An Environmental History of the Middle Ages: The Crucible of Nature

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An Environmental History of the Middle Ages: The Crucible of Nature

By John Aberth

Routledge, 2013
ISBN: 978-0-415-77946-3

Publisher’s Synopsis: The Middle Ages was a critical and formative time for Western approaches to our natural surroundings. An Environmental History of the Middle Ages is a unique and unprecedented cultural survey of attitudes towards the environment during this period. Humankind’s relationship with the environment shifted gradually over time from a predominantly adversarial approach to something more overtly collaborative, until a series of ecological crises in the late Middle Ages. With the advent of shattering events such as the Great Famine and the Black Death, considered efflorescences of the climate downturn known as the Little Ice Age that is comparable to our present global warming predicament, medieval people began to think of and relate to their natural environment in new and more nuanced ways. They now were made to be acutely aware of the consequences of human impacts upon the environment, anticipating the cyclical, “new ecology” approach of the modern world.

Exploring the entire medieval period from 500 to 1500, and ranging across the whole of Europe, from England and Spain to the Baltic and Eastern Europe, John Aberth focuses his study on three key areas: the natural elements of air, water, and earth; the forest; and wild and domestic animals. Through this multi-faceted lens, An Environmental History of the Middle Ages sheds fascinating new light on the medieval environmental mindset. It will be essential reading for students, scholars and all those interested in the Middle Ages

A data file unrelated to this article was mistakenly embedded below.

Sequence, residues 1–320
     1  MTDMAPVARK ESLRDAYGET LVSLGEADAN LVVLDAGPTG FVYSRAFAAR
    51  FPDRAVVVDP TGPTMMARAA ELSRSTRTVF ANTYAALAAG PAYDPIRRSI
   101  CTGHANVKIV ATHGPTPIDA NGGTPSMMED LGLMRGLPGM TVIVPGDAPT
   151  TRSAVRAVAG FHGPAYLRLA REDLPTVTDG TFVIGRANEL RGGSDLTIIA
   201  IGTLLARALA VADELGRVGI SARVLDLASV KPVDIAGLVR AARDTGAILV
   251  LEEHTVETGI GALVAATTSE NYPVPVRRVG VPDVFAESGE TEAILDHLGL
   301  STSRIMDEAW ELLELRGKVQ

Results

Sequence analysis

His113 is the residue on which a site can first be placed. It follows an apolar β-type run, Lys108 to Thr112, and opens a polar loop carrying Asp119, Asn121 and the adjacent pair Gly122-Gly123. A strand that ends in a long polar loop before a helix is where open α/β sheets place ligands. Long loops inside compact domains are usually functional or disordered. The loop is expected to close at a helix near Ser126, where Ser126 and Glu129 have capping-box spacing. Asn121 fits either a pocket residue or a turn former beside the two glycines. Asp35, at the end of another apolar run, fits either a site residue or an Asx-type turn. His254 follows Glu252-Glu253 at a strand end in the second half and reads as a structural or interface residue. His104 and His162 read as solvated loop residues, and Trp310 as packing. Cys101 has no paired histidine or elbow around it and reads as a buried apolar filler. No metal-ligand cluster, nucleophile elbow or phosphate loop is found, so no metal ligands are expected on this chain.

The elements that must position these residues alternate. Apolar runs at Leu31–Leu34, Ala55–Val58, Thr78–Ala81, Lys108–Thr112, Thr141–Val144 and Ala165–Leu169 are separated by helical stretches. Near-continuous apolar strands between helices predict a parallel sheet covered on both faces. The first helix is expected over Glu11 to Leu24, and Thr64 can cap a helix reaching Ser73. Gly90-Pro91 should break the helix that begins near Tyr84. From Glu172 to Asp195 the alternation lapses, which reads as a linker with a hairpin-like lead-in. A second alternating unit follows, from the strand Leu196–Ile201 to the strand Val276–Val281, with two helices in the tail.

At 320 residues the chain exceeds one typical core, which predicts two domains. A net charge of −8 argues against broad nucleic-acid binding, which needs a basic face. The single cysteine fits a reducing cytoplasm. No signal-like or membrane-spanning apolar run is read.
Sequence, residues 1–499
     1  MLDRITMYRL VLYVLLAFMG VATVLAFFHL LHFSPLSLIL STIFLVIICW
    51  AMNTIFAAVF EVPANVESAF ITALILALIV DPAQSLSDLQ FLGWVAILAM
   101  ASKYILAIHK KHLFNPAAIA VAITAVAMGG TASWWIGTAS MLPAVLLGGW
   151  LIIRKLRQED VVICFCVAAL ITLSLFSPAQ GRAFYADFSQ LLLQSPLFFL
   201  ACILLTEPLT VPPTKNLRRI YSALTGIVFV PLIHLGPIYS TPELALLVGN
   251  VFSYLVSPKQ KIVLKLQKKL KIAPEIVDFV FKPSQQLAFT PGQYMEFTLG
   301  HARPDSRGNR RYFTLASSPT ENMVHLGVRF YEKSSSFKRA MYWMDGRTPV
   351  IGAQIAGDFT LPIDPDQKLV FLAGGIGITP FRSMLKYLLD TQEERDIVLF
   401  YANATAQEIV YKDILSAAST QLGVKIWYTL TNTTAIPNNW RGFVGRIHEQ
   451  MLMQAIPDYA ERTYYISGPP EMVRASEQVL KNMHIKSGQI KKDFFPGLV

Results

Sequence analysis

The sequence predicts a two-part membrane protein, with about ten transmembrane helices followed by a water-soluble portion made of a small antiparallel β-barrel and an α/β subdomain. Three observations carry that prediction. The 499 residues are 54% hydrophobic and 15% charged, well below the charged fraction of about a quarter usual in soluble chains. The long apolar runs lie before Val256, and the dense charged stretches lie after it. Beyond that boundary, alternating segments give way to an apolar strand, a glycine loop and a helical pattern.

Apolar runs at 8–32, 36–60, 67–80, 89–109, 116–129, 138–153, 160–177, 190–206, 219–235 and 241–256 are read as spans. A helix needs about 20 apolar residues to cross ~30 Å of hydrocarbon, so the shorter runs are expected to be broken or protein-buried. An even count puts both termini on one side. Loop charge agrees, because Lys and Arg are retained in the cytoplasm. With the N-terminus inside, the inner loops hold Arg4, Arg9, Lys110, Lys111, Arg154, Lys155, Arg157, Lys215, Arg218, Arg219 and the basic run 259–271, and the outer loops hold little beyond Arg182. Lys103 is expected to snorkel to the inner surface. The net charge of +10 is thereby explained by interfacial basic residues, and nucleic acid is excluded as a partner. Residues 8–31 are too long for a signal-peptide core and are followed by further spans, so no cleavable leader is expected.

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Excerpt: A “forest” in the Middle Ages meant something quite different from what we think of it today: It mainly existed for our medieval forbears as a legal entity, rather than an economic or ecological one. Therefore, a forest could actually include treeless fields of arable or pasture if these came within the purview of property rights and laws that defined it as such, according to the customs and traditions of the locality. More often, however, a medieval forest reflected the complex intersection between wild, untamed woods and the cultivated open space of the village: A place where man left his mark on nature and was an integral part of it, actively managing the forest for his own benefit and, perhaps incidentally, for the benefit of woodland creatures and even of the trees themselves. This is a practice that, of course, continues down to the present day (where the currently favoured term is “sustainable forestry”), but one could argue that it had its most formative experience during the Middle Ages.

Sharan Newman